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Graham Moore
Cardiff University
Public healthPhysical therapyPsychological interventionMedicineEnvironmental health
110Publications
27H-index
2,885Citations
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Publications 123
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#1Emily Lowthian (Cardiff University)
#2Graham Moore (Cardiff University)H-Index: 27
Last. Simon Christopher Moore (Cardiff University)H-Index: 22
view all 5 authors...
Abstract Previous measures of parental substance use have often paid limited attention to the co-occurrence of alcohol and drugs, or to the between-parent dynamics in the use of substances. These shortcomings may have important implications for our understandings of the relationship between parental substance use and child wellbeing. Using data from the Avon Longitudinal Study of Parents and Children, a UK community-based cohort study from 1990 onwards (n=9,451), we identified groups of parental...
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Young people’s wellbeing is often lowest where they assume a relatively low position within their school’s socioeconomic hierarchy, for example, among poorer children attending more affluent schools. Transition to secondary school is a period during which young people typically enter an environment which is more socio-economically diverse than their primary school. Young people joining a school with a higher socioeconomic status intake relative to their primary school may assume a relatively low...
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#1Sara J. Long (Cardiff University)H-Index: 1
#2Hannah Littlecott (Cardiff University)H-Index: 10
Last. Graham Moore (Cardiff University)H-Index: 27
view all 8 authors...
Background: There is recognition that health and education are intrinsically linked, through for example the World Health Organizations' Health Promoting Schools' (HPS) framework. Nevertheless, promoting health via schools is seen by some as a 'zero-sum game'; that is, schools have nothing to gain, and in fact may experience detriments to the core business of academic attainment as a result of focussing resources on health. Crucially, there is a paucity of evidence around the impacts of health a...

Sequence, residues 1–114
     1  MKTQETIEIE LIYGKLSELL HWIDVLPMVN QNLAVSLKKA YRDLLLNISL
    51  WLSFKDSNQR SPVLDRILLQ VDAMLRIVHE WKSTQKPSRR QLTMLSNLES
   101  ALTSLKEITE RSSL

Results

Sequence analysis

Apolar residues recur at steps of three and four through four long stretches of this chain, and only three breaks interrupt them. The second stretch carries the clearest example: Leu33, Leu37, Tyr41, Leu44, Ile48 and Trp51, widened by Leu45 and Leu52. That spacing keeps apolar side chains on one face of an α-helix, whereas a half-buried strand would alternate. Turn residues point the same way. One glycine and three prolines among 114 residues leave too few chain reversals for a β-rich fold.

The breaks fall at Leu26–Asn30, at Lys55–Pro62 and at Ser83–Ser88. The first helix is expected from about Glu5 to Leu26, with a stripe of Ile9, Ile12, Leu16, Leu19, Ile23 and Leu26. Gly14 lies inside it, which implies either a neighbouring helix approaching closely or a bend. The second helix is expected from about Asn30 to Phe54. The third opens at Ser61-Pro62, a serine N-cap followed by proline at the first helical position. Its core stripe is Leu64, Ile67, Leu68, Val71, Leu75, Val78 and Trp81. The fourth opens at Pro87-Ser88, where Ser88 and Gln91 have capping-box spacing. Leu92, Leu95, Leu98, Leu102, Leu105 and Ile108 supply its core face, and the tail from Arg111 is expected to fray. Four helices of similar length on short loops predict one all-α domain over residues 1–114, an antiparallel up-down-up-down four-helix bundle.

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Background: This study examines primary schoolchildren’s perceptions of e-cigarettes and tobacco cigarettes, and associations with parental smoking, vaping and socioeconomic status. Methods: Survey of 2218 10–11-year-old children in 73 schools in Wales. Results: Overall, 36% reported that a parent figure smoked compared to 21% for vaping, with parental smoking lower in affluent families (OR = 0.72; 95% CI = 0.68 to 0.76). Overall, 1% had tried a cigarette, while 5% had tried an e-cigarette. Most...
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#1Graham MooreH-Index: 27
#2Lianna AngelH-Index: 4
Last. Britt HallingbergH-Index: 4
view all 7 authors...
#1Rachel Brown (Cardiff Metropolitan University)H-Index: 3
#2Linda Bauld (Edin.: University of Edinburgh)H-Index: 34
Last. Graham Moore (Cardiff University)H-Index: 27
view all 8 authors...
Abstract Background Growth of e-cigarette use among smokers has raised concerns over uptake by non-smokers, particularly young people. Legislative changes aimed in part at reducing youth exposure to e-cigarettes include the EU Tobacco Products Directive (TPD). A core justification for such measures is the belief that e-cigarettes can lead to tobacco smoking through mechanisms of renormalisation including: mimicking and normalizing the act of smoking; increasing product acceptability via marketin...
1 CitationsSource
#1Ani Movsisyan (LMU: Ludwig Maximilian University of Munich)H-Index: 1
#2Laura Arnold (LMU: Ludwig Maximilian University of Munich)H-Index: 1
Last. Eva Rehfuess (LMU: Ludwig Maximilian University of Munich)H-Index: 29
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Article published in implementation Science on 17 December 2019, available open access at: https://doi.org/10.1186/s13012-019-0956-5.
1 CitationsSource
#1Hannah Littlecott (Cardiff University)H-Index: 10
#2Jemma Hawkins (Cardiff University)H-Index: 6
Last. Graham Moore (Cardiff University)H-Index: 27
view all 6 authors...
Background Smoking remains a major public health concern. School-based social networks influence uptake of smoking among peers. During the past two decades, the UK macro-systemic context within which schools are nested and interact with has changed, with anti-smoking norms having become set at a more macro-systemic level. Whilst the overall prevalence of smoking in the UK has decreased, inequality has prevailed. It is plausible that the influence of school-based social networks on smoking uptake...
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#1David Richards (University of Exeter)H-Index: 68
#2Pat Bazeley (USYD: University of Sydney)H-Index: 4
Last. A Cathain (University of Sheffield)H-Index: 43
view all 19 authors...
It is common to undertake qualitative research alongside randomised controlled trials (RCTs) when evaluating complex interventions. Researchers tend to analyse these datasets one by one and then consider their findings separately within the discussion section of the final report, rarely integrating quantitative and qualitative data or findings, and missing opportunities to combine data in order to add rigour, enabling thorough and more complete analysis, provide credibility to results, and gener...
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#1Graham Moore (Cardiff University)H-Index: 27
#2Rachel Brown (Cardiff University)H-Index: 3
Last. Linda Bauld (Edin.: University of Edinburgh)H-Index: 34
view all 8 authors...
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